Sticks and stones will break your bones. Words will break you in other ways. Here are a few from the landmark 1968 play The Boys in the Band, now revived on Broadway: “faggot”, “fairy”, “pansy”, “queer”, “cocksucker”, “goddamn little mincing swish”, “goddamn freak”.
This mordant comedy-drama, now revived on Broadway in a starry, glossy and occasionally glib production from the director Joe Mantello, is set over the course of an evening in a groovy bachelor pad on Manhattan’s Upper East Side. Michael (Jim Parsons, first dry and then acidic), an underemployed writer, has gathered seven gay friends, one dubiously straight former college roommate and one singing cowboy of datable pitch to celebrate the birthday of Harold (Zachary Quinto, almost unrecognizable in sunglasses, scarf, and drawl), a self-described “32-year-old, ugly, pockmarked Jew fairy”. Predictably, there are not so many happy returns.
An exposé, a witty comedy, a study in group dynamics and a survey of queer self-loathing in its several varieties, the play was a sensation when it debuted in pre-Stonewall 1968 and then vilified among the gay community a few years later when it was decided that its portrait of drinking, drugging, bitching men did not perhaps help the cause. Staging the play 50 years later provides an opportunity to see how far a culture has advanced and how far it hasn’t.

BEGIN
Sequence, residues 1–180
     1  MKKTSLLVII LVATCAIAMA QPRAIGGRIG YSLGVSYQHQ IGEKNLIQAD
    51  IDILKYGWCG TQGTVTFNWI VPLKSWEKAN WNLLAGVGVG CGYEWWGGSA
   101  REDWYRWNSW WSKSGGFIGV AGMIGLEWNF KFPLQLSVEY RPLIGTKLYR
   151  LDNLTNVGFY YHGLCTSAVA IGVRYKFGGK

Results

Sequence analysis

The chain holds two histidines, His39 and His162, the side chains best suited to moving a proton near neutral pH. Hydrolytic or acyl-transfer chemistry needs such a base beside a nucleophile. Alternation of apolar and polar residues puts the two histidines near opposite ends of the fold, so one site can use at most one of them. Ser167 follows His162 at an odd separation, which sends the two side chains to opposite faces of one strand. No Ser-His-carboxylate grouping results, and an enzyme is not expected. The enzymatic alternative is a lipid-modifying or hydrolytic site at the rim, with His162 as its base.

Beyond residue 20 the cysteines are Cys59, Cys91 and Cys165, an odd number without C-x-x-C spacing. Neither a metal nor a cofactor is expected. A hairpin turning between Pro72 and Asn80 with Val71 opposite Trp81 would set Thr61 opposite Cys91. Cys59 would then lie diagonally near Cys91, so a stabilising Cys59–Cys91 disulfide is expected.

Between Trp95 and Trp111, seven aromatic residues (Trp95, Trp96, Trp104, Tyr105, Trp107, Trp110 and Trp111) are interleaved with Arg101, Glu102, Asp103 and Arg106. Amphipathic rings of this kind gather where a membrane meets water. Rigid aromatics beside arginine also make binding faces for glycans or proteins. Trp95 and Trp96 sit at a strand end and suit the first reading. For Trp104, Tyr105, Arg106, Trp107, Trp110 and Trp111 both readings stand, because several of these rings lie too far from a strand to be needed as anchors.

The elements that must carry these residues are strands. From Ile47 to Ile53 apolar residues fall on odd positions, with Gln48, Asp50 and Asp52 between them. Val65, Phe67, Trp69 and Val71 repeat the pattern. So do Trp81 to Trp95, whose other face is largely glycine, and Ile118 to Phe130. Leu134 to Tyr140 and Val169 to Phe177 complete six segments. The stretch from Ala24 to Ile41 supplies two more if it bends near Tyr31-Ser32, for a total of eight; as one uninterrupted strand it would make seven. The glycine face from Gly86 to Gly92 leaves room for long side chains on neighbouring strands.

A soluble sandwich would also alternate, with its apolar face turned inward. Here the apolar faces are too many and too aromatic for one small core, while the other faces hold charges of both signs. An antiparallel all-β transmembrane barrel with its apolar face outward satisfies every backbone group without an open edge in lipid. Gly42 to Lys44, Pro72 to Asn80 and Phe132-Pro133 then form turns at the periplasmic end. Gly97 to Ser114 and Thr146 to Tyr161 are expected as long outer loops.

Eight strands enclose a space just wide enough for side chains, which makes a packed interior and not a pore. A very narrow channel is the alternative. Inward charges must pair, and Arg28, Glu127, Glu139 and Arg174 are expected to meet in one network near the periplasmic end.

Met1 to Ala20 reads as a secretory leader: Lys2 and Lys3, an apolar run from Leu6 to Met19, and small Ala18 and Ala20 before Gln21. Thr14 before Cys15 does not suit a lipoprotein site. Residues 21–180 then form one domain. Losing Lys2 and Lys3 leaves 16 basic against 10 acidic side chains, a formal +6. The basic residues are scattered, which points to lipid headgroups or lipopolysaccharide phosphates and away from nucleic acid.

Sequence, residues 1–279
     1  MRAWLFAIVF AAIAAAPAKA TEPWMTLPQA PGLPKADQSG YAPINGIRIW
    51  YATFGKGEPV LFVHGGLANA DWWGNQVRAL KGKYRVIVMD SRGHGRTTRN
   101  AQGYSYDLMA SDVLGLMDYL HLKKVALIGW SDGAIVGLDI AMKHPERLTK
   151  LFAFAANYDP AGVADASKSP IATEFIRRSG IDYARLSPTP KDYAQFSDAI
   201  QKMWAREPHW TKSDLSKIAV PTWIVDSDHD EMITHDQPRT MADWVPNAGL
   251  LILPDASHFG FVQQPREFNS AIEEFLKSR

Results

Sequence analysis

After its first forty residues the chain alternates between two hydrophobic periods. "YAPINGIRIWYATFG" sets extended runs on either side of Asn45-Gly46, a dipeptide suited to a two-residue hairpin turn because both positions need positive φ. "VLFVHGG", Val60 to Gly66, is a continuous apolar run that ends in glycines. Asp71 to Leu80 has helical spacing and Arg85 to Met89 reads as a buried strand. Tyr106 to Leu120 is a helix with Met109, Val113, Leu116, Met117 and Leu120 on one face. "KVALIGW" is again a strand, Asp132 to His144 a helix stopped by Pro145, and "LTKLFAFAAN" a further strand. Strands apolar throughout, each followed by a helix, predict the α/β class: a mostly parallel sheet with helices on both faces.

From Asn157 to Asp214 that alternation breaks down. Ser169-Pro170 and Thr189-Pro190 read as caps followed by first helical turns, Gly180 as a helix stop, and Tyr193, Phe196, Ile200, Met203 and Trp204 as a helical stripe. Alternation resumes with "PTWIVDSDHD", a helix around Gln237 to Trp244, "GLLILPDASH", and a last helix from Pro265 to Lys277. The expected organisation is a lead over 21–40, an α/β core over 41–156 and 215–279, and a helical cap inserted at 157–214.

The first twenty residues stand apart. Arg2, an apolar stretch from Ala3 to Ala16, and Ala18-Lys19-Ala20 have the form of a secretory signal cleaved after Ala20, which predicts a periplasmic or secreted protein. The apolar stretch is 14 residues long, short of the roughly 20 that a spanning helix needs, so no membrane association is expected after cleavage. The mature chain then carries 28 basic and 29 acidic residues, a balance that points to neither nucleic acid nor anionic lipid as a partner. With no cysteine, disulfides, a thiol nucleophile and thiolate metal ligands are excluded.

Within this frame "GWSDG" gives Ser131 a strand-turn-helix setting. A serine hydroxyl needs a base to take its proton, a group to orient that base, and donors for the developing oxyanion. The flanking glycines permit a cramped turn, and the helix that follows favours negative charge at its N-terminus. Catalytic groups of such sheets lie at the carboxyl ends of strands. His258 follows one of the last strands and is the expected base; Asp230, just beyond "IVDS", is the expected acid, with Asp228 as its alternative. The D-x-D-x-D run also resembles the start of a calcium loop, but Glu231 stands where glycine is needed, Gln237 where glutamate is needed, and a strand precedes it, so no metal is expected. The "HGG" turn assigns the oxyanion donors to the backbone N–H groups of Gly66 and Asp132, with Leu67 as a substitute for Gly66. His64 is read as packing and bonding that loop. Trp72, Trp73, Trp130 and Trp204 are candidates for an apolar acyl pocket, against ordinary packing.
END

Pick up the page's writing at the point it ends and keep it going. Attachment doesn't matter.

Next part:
Seen from some vantages, it’s all rainbow flags and smiley faces. The US has achieved marriage equality, for now anyway, and many people who don’t identify as heterosexual no longer feel compelled to closet themselves. Aids, which postdates this play, but seems to be prefigured in its discussion of the bathhouses and an analyst who couldn’t make a session because of “a virus or something, he looked awful”, continues to transform from a terminal illness into a chronic one. One of the play’s producers, Ryan Murphy, an openly gay man, is pretty much the hottest thing in entertainment and the play’s cast is made up mostly if not entirely of openly gay actors, including Matt Bomer and Andrew Rannells, a thing unimaginable even a few decades ago. The actors are doing strong work, though a few of them keep signaling just how strong that work is.
If the actors don’t show their age, the play does. It’s still funny – rich in off-color bon mots – and still genuinely uncomfortable, especially when Michael, seemingly the protagonist, begins to color his witticisms with racism and antisemitism. When it works best, it’s hilarious and vicious, like the subtext of Who’s Afraid of Virginia Woolf had split for New York City and decided to throw its own shindig. But the structure is increasingly schematic, with nearly every character getting his chance to monologue and in a second half mostly given over to a grotesque game of telephone. Also, its themes are crushingly obvious. “If we … if we could just learn, not to hate ourselves so much,” Michael moans.
At a preview performance that line seemed to resonate with an enthusiastic and mostly male crowd who gave every actor not only entrance applause, but exit applause, too. But maybe self-hatred isn’t really the problem. Or at least not the worst problem. You can look to the suicides of bullied queer teens, the homophobia of our current administration, the fact that few of the actors onstage, however handsome and appealing, are able to snag straight roles now that they are out, the fact that so many of the slurs the play uses still echo on playgrounds and social media sites, to see that maybe other people’s hatred is the real party killer.